Implementation example: MovieDAO

MovieDAO is a DAO that demonstrates all of the techniques discussed in this article: transaction demarcation, logging, and exception handling. You will find the MovieDAO source in the Resources section. The code is divided into three packages:

  • daoexamples.exception
  • daoexamples.moviedemo

This implementation of the DAO pattern consists of the classes and interfaces shown below:


The MovieDAO interface defines the DAO's data operations. The interface has five methods, as shown here:

  • public Movie findMovieById(String id)
  • public java.util.Collection findMoviesByYear(String year)
  • public void deleteMovie(String id)
  • public Movie createMovie(String rating, String year, String, title)
  • public void updateMovie(String id, String rating, String year, String title)

The package contains two implementations of the MovieDAO interface. Each implementation uses a different approach to transaction demarcation, as shown in Table 3:

Table 3. MovieDAO implementations

Implements the MovieDAO interface?YesYes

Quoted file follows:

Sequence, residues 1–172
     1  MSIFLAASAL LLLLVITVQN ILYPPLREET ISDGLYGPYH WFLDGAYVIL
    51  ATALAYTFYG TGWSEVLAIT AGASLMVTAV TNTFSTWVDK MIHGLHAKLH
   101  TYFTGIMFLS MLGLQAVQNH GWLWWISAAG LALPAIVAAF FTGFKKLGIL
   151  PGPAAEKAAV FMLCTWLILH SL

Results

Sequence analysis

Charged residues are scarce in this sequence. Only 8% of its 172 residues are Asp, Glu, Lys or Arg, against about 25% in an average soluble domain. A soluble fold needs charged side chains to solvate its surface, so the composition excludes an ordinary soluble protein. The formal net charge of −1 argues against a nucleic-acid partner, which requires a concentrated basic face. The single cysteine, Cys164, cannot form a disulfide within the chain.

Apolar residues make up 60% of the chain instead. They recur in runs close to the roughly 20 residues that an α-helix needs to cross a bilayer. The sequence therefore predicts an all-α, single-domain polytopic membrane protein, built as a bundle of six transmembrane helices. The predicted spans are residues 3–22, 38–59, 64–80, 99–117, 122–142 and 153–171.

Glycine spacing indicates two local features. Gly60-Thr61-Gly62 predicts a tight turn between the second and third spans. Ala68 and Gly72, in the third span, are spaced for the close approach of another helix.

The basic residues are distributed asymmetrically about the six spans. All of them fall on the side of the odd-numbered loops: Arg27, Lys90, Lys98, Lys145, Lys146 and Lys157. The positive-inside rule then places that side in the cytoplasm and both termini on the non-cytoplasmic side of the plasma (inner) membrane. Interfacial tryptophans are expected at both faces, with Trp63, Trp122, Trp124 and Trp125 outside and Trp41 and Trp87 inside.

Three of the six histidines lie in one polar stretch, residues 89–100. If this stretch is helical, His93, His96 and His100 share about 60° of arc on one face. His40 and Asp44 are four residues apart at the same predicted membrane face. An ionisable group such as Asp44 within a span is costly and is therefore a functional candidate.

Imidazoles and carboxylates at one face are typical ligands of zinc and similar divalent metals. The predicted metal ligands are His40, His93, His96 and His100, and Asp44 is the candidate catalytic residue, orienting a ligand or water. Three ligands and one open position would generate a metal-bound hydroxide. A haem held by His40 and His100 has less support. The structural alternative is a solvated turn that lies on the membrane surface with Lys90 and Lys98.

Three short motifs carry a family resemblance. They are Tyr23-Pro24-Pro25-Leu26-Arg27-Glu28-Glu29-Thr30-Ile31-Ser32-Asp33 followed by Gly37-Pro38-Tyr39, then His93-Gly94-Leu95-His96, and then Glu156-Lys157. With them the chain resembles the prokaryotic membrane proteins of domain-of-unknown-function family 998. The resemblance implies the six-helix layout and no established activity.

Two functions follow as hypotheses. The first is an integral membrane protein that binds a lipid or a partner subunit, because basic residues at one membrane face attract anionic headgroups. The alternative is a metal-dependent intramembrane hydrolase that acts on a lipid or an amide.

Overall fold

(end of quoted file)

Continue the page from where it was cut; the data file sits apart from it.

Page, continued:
Obtains DataSource via JNDI?YesYes
Obtains java.sql.Connection objects from a DataSource?YesYes
DAO demarcates transactions internally?YesNo
Uses JDBC transactions?YesNo
Uses an XA DataSource?NoYes
Participates in JTA transactions?NoYes

MovieDAO demo application

The demo application is a servlet class called daoexamples.moviedemo.DemoServlet. DemoServlet uses both of the Movie DAOs to query and update movie data in a table.

The servlet demonstrates how to combine the JTA-aware MovieDAO and the Java Message Service in a single transaction, as shown in Listing 8.

Listing 8. Combining MovieDAO and JMS code in a single transaction
UserTransaction utx = MovieUtil.getUserTransaction();
batman = dao.createMovie("R",
"Batman Reloaded");
publisher = new MessagePublisher();
publisher.publishTextMessage("I'll be back");

To run the demo application, configure an XA datasource and a non-XA datasource in your application server. Then, deploy the daoexamples.ear file. The application will run in any J2EE 1.3-compliant application server. See Resources to obtain the EAR file and source code.


As this article has shown, implementing the DAO pattern entails more than just writing low-level data access code. You can start building better DAOs today by choosing a transaction demarcation strategy that is appropriate for your application, by incorporating logging in your DAO classes, and by following a few simple guidelines for exception handling.